UP Medical Informatics Unit: Telemedicine Guidance for Filipino Physicians and Patients

When Luzon was placed on enhanced community quarantine last March 15, most outpatient clinics were closed. For many years now, I’ve had a clinic phone where patients could SMS their concerns. But with this CoVID-19 pandemic, I also started giving email as an option for follow-up. My patients would send their lab requests and I could send them e-prescriptions (which FDA has allowed). Just last week, I also offered video follow-ups via doxy.me.

It soon became apparent that telemedicine will become the “new normal.” After the joint DOH-NPC memo on telemedicine came out, I saw that there was a gap in guidance. I gathered my MS Health Informatics grad students and alumni to help out.

We started on Slack Mar 27 and this was our first Zoom meeting before Holy Week. We promised to meet every Monday at 6 pm.

We released the first guidance document last April 23 – Telemedicine: Guidance for Filipino Physicians. It answered three questions:

  • Who can practice telemedicine?
  • What are the minimum competencies to practice telemedicine?
  • What are the minimum requirements to set up for telemedicine?

In this first document, gaps in legislation were identified. There have been three telehealth/ehealth bills filed in the past. I heard that Sen. Sonny Angara will be filing a telemedicine-related legislation soon. I hope this document will be useful.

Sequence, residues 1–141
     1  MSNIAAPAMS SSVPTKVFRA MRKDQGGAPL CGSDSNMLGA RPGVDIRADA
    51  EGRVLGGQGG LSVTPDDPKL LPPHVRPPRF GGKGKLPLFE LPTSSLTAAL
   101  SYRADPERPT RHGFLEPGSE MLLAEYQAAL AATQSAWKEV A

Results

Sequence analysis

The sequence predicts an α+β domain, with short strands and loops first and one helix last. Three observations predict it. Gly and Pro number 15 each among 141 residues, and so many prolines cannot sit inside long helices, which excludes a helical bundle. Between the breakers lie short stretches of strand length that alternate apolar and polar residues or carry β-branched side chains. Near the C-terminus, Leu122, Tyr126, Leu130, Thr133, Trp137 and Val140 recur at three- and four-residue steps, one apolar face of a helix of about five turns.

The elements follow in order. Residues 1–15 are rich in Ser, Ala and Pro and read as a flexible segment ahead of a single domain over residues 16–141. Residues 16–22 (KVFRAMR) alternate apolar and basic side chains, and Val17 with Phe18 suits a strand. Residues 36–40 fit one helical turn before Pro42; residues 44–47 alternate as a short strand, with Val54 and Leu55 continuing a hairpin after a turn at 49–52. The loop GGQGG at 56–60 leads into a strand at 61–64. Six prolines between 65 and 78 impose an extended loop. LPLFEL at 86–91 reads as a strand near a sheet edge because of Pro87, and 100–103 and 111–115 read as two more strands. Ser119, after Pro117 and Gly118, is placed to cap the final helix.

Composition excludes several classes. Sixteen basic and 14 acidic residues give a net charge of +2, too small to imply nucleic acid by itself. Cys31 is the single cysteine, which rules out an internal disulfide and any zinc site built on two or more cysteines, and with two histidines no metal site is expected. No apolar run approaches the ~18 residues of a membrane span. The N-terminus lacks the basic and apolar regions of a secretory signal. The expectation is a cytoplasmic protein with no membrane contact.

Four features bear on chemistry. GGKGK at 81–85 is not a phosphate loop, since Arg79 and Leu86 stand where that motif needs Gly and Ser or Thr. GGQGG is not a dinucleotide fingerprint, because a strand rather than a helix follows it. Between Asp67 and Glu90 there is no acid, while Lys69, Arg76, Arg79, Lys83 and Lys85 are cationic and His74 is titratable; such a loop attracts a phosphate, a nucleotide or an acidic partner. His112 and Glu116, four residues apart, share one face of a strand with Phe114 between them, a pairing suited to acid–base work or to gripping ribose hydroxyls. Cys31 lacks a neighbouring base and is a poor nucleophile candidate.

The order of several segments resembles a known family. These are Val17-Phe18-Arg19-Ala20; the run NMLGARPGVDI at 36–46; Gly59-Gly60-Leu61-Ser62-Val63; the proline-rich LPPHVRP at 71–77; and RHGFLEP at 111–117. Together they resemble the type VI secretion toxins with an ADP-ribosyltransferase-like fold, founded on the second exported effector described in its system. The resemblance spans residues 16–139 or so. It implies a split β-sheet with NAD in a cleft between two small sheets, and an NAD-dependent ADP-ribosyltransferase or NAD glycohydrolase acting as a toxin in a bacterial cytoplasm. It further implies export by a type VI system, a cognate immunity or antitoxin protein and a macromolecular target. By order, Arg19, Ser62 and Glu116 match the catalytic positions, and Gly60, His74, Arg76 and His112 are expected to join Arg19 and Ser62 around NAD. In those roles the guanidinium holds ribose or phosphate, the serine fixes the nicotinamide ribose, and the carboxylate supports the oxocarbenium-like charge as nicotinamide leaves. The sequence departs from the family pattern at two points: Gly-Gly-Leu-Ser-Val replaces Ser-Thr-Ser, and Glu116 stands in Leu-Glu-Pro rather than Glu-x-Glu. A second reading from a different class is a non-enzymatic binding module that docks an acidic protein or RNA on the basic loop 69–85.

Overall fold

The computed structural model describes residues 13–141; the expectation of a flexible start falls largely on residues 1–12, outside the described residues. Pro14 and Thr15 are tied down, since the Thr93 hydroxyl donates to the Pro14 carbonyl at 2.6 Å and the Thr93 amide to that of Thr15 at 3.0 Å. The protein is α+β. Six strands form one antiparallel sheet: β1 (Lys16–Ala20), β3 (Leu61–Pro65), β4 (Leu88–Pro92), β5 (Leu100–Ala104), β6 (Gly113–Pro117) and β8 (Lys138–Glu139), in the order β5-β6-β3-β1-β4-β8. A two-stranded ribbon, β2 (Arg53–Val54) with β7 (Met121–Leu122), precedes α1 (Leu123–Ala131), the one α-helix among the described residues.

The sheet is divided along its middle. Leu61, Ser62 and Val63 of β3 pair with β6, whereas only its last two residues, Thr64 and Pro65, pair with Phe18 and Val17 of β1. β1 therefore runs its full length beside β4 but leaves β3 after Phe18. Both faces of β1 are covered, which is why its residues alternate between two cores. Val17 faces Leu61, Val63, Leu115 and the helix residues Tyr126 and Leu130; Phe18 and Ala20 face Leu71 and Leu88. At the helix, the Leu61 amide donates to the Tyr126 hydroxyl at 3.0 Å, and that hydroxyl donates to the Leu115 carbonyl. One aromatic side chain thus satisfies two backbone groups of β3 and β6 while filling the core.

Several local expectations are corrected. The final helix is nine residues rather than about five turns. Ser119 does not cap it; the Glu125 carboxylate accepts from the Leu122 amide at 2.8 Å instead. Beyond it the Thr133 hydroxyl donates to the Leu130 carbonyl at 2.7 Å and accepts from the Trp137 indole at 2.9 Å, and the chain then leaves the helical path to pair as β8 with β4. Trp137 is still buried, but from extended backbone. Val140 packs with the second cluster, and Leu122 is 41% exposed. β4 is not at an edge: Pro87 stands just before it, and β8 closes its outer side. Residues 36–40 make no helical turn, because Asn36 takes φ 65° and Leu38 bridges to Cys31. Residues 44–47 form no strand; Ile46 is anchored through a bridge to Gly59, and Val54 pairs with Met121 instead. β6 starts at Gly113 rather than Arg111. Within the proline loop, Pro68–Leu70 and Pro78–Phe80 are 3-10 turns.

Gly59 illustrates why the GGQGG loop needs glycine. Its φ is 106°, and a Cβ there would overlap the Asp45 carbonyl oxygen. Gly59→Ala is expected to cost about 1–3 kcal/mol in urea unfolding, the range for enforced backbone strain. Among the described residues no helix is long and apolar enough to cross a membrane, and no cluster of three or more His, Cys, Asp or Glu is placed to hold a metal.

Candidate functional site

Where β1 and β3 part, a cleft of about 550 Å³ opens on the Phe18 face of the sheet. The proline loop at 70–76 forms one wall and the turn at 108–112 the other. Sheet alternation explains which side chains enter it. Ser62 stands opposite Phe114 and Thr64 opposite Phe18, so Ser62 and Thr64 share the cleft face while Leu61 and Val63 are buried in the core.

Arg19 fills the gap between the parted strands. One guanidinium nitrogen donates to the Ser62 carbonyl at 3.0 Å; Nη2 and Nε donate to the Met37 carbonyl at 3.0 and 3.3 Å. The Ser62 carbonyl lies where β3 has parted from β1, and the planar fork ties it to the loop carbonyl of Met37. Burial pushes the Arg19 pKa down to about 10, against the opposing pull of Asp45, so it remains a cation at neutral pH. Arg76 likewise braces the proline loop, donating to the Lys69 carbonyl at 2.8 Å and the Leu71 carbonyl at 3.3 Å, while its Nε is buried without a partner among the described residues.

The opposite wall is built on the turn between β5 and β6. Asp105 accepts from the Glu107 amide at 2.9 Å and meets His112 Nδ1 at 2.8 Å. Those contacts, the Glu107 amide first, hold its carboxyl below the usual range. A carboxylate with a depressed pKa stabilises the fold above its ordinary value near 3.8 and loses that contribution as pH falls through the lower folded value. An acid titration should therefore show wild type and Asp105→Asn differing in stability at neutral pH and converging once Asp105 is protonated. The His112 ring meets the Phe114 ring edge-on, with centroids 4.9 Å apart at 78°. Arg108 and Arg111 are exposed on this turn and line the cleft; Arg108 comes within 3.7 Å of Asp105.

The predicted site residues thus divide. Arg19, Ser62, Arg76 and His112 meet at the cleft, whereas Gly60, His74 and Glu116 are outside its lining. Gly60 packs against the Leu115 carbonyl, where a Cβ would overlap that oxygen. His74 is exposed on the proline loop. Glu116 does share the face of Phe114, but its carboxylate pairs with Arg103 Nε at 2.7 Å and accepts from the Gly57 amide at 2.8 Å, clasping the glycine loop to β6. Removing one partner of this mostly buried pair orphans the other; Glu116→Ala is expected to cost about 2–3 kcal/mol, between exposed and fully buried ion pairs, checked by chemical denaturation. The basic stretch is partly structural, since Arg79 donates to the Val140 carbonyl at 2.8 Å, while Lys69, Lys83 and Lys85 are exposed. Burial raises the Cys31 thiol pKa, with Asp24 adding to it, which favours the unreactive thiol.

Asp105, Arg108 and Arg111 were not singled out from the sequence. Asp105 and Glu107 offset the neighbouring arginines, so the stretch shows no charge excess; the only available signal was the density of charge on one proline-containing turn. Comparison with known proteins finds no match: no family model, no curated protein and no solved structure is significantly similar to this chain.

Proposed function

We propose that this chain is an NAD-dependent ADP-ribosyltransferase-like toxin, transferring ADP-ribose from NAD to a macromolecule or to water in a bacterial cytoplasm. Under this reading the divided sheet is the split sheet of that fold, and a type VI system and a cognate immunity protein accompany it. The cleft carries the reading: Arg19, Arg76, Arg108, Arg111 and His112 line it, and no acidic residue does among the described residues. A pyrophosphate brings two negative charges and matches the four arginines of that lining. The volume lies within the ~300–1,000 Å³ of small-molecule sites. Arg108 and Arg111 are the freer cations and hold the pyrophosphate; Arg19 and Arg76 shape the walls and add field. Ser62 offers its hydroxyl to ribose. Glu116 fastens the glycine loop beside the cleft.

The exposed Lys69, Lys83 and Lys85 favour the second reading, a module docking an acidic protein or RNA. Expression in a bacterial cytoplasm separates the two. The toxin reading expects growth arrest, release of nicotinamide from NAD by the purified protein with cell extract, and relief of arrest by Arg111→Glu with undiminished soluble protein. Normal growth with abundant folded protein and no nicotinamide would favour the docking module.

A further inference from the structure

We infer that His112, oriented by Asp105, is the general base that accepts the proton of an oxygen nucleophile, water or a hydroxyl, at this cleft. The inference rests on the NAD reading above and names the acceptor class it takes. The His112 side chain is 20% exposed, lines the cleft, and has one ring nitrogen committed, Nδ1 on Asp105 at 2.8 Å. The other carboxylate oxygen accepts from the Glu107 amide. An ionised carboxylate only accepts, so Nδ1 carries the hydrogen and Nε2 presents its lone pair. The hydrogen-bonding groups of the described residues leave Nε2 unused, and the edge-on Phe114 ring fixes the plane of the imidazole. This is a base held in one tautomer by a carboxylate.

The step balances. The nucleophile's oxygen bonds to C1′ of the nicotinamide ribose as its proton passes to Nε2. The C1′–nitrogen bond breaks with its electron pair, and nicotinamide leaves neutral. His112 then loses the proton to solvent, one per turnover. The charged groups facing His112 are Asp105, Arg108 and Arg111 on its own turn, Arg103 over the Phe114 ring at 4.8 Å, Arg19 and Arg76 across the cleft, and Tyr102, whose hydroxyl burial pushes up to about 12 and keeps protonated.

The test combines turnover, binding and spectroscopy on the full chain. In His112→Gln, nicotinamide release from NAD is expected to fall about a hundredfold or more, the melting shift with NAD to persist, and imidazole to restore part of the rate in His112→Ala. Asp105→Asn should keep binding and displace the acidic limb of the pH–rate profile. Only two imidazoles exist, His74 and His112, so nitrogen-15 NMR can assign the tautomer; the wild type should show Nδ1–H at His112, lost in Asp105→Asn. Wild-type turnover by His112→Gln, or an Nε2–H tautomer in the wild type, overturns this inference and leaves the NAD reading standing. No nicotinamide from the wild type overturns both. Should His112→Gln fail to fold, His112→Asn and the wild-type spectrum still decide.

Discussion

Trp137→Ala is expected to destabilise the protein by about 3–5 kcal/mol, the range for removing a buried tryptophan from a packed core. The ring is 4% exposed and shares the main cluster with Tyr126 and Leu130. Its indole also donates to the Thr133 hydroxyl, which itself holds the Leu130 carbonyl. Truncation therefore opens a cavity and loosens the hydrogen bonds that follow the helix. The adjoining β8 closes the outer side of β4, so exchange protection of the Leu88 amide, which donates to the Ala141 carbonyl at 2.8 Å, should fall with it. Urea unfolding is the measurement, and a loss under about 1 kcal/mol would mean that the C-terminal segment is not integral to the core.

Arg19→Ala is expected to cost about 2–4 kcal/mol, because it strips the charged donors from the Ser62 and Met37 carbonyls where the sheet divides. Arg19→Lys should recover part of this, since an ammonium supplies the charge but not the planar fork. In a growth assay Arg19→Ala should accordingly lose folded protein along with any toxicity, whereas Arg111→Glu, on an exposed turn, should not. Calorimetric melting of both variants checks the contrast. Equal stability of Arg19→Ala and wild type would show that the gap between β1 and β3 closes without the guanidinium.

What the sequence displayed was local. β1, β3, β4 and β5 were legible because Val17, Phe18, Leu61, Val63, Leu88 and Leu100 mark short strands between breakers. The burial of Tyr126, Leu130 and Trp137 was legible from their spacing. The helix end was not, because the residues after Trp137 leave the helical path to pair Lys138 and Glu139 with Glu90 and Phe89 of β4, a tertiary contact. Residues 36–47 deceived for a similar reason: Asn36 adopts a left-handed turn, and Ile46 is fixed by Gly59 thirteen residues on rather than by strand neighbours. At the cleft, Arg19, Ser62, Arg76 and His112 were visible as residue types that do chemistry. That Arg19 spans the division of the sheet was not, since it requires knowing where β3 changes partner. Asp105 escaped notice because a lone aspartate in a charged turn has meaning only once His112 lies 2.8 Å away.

The second document was released last April 29 – Teleconsultation: Guidance for Filipino Clinicians. It answered the following:

  • What are the different types of telemedicine consultations?
  • How is a virtual physical examination performed?
  • How can specialties utilize telemedicine?
  • How can we safeguard both the patient and physician in a teleconsultation?
  • What is the workflow in a typical patient-to-physician teleconsultation?

With the second document, I hope that medical specialty organizations will consider crafting specialty-specific (or even disease-specific) guidance soon as these will also be needed in the “new normal.”

These documents were brought to life on Google Docs and a back and forth through comments and on the ALL-MSHI Facebook messenger group. I am grateful to the my graduate students, our MIU alumni and faculty for joining me on this journey. We have more documents and more plans (online courses, webinars, training with certificates, publication etc) in the pipeline.

Please go to bit.ly/upmiutelemed2020 to access the guidance documents, and help the MIU by sharing them to others.

Photo by National Cancer Institute on Unsplash

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